Heartburn in pregnancy is also made worse by progesterone, a hormone which is necessary for maintaining a healthy pregnancy.

Progesterone relaxes a muscle called the lower esophageal sphincter, which acts like a valve, separating the stomach from the esophagus. When this muscle relaxes, it allows stomach acid to rise up out of the stomach and into the esophagus.

Because it isn’t made to handle stomach acid, the esophagus becomes irritated and causes the burning sensation we know as heartburn.

The size of the fetus also plays a role. Heartburn can worsen as pregnancy progresses and the fetus starts to fill out the entire uterus. This can cause the uterus to press up against the stomach, pushing its contents up into the esophagus.

Heartburn can also be worse for women carrying multiples, such as twins or triplets, because of the additional pressure placed upon the stomach.

Experiencing heartburn during pregnancy doesn’t mean you’ll be more prone to it after your pregnancy has ended. When your pregnancy ends, the cause of your heartburn ends, too.

Treating heartburn during pregnancy

Check with your doctor before taking any OTC medications for heartburn. If you get the green light, make sure to follow both the doctor’s and the package directions and don’t overuse.

Liquid antacids may provide greater relief than other kinds, since they coat the stomach. Talk to your doctor about which treatments are best for you.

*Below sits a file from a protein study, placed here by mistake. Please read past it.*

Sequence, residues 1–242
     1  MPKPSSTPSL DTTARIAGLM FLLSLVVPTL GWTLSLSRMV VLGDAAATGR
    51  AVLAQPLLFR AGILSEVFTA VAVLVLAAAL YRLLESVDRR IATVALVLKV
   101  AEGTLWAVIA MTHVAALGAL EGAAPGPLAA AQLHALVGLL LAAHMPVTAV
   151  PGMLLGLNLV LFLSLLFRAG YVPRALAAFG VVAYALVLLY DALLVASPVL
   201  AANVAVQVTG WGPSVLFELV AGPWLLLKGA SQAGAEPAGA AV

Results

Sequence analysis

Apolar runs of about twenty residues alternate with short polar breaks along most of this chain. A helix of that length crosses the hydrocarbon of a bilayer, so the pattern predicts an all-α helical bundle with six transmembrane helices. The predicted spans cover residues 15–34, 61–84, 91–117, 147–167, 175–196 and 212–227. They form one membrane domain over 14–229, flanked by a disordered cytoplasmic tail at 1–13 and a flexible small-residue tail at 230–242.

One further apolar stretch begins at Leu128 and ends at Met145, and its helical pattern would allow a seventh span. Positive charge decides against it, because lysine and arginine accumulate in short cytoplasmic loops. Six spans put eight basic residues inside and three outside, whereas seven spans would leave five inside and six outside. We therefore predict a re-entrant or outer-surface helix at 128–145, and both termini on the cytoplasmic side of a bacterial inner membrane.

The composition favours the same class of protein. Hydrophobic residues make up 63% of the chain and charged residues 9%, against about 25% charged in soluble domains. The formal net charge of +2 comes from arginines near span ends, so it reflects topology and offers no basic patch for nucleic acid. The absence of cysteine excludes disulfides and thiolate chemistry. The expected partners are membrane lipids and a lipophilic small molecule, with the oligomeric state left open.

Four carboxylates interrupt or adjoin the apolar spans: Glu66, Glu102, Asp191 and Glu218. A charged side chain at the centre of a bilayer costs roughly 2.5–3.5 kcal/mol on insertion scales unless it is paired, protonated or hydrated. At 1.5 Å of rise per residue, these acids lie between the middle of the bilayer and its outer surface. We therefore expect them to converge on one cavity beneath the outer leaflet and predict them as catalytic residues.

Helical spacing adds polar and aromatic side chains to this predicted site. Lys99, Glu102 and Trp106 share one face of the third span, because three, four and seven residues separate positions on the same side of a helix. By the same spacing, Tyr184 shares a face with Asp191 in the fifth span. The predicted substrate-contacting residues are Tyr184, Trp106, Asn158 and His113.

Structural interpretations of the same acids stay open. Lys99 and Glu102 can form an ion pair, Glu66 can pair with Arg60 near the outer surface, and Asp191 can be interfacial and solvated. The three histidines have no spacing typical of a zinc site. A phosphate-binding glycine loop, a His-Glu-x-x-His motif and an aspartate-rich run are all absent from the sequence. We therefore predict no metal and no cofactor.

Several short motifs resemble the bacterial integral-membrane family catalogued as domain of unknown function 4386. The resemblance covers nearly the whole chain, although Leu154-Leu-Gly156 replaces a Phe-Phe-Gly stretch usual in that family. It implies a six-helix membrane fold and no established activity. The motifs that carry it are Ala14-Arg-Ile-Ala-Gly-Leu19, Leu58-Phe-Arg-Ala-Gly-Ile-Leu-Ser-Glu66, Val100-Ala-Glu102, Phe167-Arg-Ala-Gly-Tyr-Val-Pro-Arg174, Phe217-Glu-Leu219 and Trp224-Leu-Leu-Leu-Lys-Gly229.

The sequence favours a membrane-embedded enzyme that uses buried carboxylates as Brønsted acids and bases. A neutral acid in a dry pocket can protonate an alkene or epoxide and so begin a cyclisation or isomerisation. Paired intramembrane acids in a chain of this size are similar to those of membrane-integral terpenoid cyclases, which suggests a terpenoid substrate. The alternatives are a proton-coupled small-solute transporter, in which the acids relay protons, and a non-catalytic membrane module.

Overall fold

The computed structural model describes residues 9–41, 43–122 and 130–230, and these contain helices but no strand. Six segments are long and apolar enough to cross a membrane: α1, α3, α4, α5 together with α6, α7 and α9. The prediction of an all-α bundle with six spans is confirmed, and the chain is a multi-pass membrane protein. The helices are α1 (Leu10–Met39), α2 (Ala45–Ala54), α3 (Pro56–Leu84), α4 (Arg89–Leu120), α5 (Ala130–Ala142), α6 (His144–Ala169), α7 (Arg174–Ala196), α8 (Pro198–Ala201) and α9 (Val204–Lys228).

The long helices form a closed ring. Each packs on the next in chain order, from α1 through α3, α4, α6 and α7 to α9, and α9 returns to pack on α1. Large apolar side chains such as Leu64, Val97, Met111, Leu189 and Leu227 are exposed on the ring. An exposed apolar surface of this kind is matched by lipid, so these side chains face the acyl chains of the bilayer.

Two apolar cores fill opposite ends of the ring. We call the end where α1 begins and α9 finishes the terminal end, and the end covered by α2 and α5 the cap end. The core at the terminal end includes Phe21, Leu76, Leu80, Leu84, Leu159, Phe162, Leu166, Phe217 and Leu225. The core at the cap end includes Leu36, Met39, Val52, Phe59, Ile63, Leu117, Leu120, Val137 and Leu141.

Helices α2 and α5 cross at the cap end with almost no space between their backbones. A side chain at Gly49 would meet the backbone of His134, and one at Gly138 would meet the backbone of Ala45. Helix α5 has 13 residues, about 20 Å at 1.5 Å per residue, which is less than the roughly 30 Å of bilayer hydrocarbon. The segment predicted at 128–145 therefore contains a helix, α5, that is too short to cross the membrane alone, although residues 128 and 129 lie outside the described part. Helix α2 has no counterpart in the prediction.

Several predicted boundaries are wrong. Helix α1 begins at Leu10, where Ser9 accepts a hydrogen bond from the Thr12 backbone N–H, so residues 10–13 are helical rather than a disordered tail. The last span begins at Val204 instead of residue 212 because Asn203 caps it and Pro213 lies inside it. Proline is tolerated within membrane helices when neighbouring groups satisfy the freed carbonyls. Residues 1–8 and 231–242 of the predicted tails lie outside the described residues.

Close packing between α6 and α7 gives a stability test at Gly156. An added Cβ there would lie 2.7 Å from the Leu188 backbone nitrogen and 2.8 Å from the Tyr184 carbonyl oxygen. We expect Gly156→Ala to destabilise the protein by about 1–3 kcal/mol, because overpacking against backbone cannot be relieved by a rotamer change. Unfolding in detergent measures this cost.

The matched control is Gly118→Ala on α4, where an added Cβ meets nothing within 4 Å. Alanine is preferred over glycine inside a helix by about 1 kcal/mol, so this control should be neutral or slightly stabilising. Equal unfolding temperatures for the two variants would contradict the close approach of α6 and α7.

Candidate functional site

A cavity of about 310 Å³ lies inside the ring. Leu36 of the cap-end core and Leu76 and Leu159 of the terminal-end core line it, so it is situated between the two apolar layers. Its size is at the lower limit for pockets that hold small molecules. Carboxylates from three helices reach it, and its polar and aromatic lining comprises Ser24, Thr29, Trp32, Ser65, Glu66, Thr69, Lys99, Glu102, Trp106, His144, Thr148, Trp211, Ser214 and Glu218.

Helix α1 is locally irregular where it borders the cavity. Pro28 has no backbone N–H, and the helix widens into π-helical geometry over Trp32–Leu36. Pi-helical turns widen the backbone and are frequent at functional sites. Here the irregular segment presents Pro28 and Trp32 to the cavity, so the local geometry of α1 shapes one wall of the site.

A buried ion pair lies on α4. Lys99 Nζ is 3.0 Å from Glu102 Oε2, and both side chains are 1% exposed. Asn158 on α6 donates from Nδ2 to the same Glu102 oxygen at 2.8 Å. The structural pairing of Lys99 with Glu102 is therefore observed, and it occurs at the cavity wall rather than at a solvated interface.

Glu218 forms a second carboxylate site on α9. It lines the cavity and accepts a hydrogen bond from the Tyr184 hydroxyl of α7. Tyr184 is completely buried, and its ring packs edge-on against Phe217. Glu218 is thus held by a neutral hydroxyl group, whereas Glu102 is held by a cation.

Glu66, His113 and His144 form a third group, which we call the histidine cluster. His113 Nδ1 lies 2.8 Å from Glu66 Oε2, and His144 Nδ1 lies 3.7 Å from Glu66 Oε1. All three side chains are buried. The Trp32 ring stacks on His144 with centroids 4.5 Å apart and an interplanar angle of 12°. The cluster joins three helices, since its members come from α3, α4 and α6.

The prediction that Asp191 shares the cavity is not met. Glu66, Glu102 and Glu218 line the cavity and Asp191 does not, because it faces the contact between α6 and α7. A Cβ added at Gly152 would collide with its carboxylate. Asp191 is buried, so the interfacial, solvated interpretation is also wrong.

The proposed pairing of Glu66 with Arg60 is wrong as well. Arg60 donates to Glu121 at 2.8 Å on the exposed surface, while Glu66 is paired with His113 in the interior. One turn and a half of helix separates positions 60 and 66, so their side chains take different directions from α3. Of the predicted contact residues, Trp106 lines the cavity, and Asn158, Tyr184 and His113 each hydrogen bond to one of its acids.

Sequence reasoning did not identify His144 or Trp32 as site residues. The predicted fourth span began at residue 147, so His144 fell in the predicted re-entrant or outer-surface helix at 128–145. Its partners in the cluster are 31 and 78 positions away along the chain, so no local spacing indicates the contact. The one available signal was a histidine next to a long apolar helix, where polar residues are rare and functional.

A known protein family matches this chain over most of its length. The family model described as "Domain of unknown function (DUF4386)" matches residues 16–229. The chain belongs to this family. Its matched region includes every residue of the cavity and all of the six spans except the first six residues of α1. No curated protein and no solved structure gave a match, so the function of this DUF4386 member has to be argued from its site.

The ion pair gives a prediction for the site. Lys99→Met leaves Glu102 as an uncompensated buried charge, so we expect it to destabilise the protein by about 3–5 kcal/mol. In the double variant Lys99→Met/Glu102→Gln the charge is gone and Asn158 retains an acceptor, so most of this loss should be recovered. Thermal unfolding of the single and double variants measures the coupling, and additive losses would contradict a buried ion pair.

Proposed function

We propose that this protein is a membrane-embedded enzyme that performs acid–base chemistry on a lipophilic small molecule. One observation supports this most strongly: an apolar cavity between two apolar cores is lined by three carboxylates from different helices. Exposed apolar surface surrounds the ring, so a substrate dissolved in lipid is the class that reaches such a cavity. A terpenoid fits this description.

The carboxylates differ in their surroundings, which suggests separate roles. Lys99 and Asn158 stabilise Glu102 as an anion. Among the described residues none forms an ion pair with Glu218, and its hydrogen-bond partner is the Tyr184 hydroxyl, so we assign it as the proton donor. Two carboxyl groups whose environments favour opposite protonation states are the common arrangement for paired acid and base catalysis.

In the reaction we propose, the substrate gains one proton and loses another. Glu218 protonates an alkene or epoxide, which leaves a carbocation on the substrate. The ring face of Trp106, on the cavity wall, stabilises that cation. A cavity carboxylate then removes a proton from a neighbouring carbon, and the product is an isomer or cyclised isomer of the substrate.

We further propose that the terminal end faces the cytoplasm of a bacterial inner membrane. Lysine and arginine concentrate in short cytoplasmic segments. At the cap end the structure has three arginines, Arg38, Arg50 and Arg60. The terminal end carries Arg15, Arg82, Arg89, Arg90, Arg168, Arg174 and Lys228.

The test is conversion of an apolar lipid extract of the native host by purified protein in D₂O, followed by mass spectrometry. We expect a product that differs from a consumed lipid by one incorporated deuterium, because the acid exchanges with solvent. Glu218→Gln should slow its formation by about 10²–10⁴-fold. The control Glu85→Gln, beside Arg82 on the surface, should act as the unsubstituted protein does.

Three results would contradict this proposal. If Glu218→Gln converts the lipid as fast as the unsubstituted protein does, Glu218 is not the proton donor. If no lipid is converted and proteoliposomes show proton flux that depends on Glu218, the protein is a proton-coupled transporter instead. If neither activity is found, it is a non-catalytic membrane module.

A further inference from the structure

The following home remedies may also help:

  • Warm milk with honey may soothe your stomach and reduce heartburn symptoms.
  • Resist the urge to lie down after eating and take a stroll, instead.
  • When you do sleep, try using your pregnancy pillow underneath your body from the waist up. This elevates your upper body while providing cushioning.

Occasional heartburn is common and usually responds to at-home treatment, such as taking OTC medication. Lifestyle modifications, such as avoiding certain foods and losing weight, can also help.

Heartburn during pregnancy is very common. This type of heartburn may also respond to at-home treatment. If you’re pregnant, talk to your doctor before using any type of medication.

If you’re regularly experiencing heartburn more than twice a week, or it’s interfering with your life, talk to your doctor. They can help identify an underlying cause and appropriate treatment.